·         Plain language- use plain language principles.

·         Remember, the majority of Canadians have low financial literacy.

·         Linear response - answer  specific questions asked, not questions not asked ; be forthright and straight to the point

·         Patience- retail investors, especially complainants, need to be treated with a lot of patience- this is a new process for most ; do not close file prematurely

·         Compassion and empathy  - show understanding and be tolerant of  occasional outbursts of caller frustration 

·         Facts and evidence- use objective material and references;  do not ignore or dismiss caller evidence and paperwork

·         Updates- provide periodic updates as required

·         Responses- address the issues raised point by point in easy to understand terms; invite caller to contact you for further information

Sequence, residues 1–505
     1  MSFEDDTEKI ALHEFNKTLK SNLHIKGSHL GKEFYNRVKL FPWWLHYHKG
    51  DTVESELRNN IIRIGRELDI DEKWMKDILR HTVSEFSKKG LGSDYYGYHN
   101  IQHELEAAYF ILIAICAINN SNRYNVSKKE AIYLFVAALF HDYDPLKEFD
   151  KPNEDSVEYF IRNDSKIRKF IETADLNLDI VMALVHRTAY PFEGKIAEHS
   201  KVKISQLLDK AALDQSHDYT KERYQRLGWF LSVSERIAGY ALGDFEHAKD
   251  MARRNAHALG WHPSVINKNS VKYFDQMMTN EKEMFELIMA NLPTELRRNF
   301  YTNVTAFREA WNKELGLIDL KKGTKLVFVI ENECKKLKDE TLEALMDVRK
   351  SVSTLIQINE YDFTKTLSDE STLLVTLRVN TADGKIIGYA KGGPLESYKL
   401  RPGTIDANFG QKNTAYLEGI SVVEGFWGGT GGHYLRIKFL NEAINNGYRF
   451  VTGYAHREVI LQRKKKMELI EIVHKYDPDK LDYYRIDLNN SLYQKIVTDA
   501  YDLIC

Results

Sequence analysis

·         Referrals- explain why referral is being made to another agency, provide full and clear contact information to referral

·         Nest steps- if caller unsatisfied , explain/ suggest escalation procedure

·         Satisfaction Survey - conduct  caller annual satisfaction survey , publicly release results and commit to addressing issues identified



We believe that Inquiries Offices have an important role to play in investor protection. Taking the time to listen to the Voice of the Investor is a WIN –WIN for all stakeholders.



DISCLAIMER

Information contained herein is obtained from sources believed to be reliable, but the accuracy is not guaranteed. The material does not constitute a recommendation to buy, hold or sell. The purpose of this Document and others in the series is to educate investors by bringing together personal finance information from a variety of sources. It is not intended to provide legal, investment, accounting or tax advice and should not be relied upon in that regard. If legal or investment advice or other professional assistance is needed, the services of a competent professional should be obtained.